New York state makes remote online notarizations permanent
As more states allow RON, California and North Carolina are among notable holdouts.
After allowing remote online notarizations as an emergency measure during the pandemic, New York state has passed a law permanently legalizing the practice in a move welcomed by real estate and housing finance groups.
New York Governor Kathy Hochul signed the new law on December 22 and it will be effective on June 20, 2022, making New York one of 40 states that allow remote online notarizations (RONs), according to Bill Anderson, vice president of government affairs with the National Notary Association.
Ten other states enacted permanent remote online notarization laws in 2021 — Alabama, Arkansas, Illinois, Kansas, New Hampshire, New Jersey, New Mexico, Oregon, West Virginia and Wyoming — leaving California and North Carolina among the more notable holdouts, Anderson wrote in a December 1 bulletin.
Hochul had previously authorized the use of remote electronic notarization services in a March 2020 executive order due to the coronavirus pandemic. New York Assemblywoman Nily Rozic (D-Queens) and Sen. James Skoufis (D-Cornwall) introduced legislation, S.1780-C, to make the change permanent.
“Reforming the antiquated process of notarization isn’t just a matter of efficiency, it’s about offering equitable access to this necessary service for those who are homebound or otherwise unable to engage a notary,” Skoufis said in a statement.
“I am grateful to all of the stakeholders involved in this long-running effort to bring electronic notarization to the fore, and to the Governor for her signature on this important legislation. I am proud to have a hand in pulling New York into the 21st century.”
In a statement, Rozic said, “Despite the increasing notarizations that occur every year, the industry has not adapted to societal changes and technological advances. Notarization still requires people to be physically present in front of a notary public, despite technology that would allow for the same — or increased — security over video conference calls.”
The Real Estate Board of New York (REBNY) and the New York State Association of Realtors (NYSAR) applauded the governor for signing the legislation, saying the law “will play an important role in modernizing real estate closing transactions” in the state.
“We applaud Governor Hochul for taking this important step to modernize and streamline real estate closing transactions, and we thank Senator Skoufis and Assemblymember Rozic for sponsoring the legislation,” the trade groups said in a statement.
“As the economic activity generated by the real estate industry continues to play a critical role in supporting New York’s long-term recovery, this smart policy approach will help advance that economic progress while also providing a practical solution for hardworking members of the industry.”
The New York Credit Union Association, which backed the measure, declared its passage as “a major legislative victory for the New York credit union movement” and noted that credit unions and other institutions in the state had successfully used the technology during the pandemic.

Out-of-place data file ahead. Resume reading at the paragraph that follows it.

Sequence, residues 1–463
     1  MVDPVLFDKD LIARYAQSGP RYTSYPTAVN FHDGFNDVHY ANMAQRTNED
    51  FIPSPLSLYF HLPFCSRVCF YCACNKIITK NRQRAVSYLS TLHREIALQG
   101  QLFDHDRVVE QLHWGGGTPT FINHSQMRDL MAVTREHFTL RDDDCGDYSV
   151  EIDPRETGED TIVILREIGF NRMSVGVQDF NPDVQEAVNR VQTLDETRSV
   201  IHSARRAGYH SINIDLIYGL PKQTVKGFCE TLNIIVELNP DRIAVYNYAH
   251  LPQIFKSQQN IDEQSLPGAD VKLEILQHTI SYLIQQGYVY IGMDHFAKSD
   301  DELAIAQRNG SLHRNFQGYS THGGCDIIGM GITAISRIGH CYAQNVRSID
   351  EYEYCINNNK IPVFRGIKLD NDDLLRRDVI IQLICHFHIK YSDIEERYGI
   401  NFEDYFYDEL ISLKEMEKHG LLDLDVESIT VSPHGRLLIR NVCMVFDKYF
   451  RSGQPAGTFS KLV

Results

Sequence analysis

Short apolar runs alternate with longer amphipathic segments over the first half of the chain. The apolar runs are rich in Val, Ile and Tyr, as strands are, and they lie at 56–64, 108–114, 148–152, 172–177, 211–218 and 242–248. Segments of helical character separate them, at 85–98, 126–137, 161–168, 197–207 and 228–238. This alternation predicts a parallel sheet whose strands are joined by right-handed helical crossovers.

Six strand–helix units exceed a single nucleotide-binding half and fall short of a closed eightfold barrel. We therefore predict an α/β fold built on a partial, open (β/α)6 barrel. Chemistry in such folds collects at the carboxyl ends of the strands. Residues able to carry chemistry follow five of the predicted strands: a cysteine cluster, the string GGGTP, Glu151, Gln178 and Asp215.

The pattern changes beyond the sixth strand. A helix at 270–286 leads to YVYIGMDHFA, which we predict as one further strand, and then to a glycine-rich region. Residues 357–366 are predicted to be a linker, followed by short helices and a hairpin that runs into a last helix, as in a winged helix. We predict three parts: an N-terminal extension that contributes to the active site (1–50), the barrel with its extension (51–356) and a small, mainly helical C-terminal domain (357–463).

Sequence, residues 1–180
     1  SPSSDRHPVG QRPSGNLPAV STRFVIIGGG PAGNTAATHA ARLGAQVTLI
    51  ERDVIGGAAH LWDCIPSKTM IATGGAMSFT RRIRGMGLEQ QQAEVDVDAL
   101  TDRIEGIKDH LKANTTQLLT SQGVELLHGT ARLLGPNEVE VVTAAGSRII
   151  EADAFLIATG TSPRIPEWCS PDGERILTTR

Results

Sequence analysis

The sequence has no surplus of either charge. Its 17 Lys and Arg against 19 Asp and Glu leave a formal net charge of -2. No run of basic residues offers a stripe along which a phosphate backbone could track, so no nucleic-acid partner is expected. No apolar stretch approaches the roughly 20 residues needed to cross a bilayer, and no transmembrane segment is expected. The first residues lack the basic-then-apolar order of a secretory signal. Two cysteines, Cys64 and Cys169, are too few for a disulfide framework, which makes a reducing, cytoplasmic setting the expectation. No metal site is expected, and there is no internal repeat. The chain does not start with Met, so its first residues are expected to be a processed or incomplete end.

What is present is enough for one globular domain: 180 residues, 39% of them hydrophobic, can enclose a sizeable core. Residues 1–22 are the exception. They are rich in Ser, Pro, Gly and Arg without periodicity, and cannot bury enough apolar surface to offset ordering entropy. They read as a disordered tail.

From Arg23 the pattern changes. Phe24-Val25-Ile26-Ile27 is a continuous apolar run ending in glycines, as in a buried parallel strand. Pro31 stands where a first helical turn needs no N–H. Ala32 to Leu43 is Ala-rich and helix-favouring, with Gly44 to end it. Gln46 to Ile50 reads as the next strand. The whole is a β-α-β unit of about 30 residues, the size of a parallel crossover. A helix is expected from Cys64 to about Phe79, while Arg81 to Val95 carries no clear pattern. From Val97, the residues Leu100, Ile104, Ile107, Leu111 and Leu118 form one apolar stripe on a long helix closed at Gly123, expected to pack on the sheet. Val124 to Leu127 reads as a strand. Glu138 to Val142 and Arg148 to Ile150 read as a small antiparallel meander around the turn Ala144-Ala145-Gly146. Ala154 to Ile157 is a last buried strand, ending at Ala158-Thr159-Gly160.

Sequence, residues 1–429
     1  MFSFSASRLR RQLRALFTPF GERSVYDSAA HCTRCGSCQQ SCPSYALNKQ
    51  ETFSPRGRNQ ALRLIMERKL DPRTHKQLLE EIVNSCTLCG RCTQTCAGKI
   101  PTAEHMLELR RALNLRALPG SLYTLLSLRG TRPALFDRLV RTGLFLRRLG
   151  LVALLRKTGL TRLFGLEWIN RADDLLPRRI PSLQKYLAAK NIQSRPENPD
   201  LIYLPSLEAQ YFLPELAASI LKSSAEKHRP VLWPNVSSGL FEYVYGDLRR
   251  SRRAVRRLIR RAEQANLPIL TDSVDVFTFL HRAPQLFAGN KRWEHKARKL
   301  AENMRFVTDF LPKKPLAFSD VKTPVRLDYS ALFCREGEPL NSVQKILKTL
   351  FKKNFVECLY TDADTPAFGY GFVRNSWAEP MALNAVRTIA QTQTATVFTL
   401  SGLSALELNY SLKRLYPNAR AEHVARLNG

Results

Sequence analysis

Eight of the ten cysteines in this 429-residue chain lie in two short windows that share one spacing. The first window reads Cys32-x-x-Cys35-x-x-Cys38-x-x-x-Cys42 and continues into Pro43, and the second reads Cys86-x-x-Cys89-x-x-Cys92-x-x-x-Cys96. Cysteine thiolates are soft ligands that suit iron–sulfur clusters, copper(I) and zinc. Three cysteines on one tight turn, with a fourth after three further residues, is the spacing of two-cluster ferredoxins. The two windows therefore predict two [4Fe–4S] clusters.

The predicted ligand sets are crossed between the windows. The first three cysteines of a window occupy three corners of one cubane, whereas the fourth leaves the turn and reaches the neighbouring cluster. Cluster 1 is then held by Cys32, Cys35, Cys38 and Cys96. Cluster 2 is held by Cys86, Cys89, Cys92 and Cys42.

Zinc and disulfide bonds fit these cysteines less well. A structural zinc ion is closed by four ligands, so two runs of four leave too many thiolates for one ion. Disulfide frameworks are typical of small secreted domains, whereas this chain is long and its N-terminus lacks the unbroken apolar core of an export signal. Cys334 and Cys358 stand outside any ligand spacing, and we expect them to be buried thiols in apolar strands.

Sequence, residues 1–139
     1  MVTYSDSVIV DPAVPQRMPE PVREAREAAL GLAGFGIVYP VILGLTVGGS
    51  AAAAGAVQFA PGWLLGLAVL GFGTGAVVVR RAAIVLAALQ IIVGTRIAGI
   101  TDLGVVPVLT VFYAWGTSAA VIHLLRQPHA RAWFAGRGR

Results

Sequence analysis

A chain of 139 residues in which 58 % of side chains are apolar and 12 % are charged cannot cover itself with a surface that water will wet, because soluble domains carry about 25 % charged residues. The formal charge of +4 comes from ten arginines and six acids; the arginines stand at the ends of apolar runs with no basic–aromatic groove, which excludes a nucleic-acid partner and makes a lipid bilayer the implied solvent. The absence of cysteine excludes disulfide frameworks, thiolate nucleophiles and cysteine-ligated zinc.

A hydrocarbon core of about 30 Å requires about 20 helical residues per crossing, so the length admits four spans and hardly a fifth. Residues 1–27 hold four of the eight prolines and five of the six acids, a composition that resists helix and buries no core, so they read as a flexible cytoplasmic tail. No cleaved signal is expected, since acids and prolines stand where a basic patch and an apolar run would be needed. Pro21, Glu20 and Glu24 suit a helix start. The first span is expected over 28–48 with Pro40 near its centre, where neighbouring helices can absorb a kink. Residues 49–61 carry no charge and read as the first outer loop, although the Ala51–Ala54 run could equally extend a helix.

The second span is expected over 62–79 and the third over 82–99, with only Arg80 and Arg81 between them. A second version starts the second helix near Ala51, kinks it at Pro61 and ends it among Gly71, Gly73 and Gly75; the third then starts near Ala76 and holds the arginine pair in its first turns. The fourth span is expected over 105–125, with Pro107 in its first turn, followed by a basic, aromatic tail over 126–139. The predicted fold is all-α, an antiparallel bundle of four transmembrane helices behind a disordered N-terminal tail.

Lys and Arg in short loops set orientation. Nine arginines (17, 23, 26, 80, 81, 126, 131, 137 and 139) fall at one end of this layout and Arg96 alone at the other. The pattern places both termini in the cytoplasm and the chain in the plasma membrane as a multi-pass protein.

“This law is certainly a victory for credit unions, but it’s also a victory for the disabled, elderly, those in rural communities and others who may find it difficult to obtain the services of a notary in person,” said William J. Mellin, president and CEO of NYCUA, in a statement. “New York now joins a growing list of states that have authorized this practical and modern technology.”
California Assemblymember Reggie Jones-Sawyer introduced a bill in February, AB 1093, that would legalize remote online notarizations in the state. The bill has been referred to the Assembly’s judiciary committee.
The New York State Land Title Association (NYSLTA) said it had fought hard for the legislation and praised its passage.
“This legislation will help to streamline the notarization process as our industry continues to adapt,” said Bob Treuber, the association’s executive vice president, in a statement.
The association noted that the new law will feature added levels of security, including verification of parties, for safe and secure transactions. According to an analysis by the law firm Holland & Knight, the new law requires the New York Secretary of State to set forth standards “for ensuring the audio/video conference used for the notary session is secure, the notary session is conducted in real time and the notary is able to communicate with and identify the signer at the time of the notarial act.”
The law firm also expects ID verification to involve credential analysis of a signer’s ID card, such as a passport or driver’s license, and correctly answering four out of five knowledge-based authentication questions within a set period of time.
“New York’s passage of the remote online notarization law will help to simplify real estate transactions across the state,” said Chris Hultzman, Vice President of Corporate Underwriting at First American Title Insurance Company, in a statement.
“This new law will provide greater convenience to home buyers and sellers, and will also benefit the title industry, the mortgage industry and the real estate industry in general as real estate transactions become more digital.”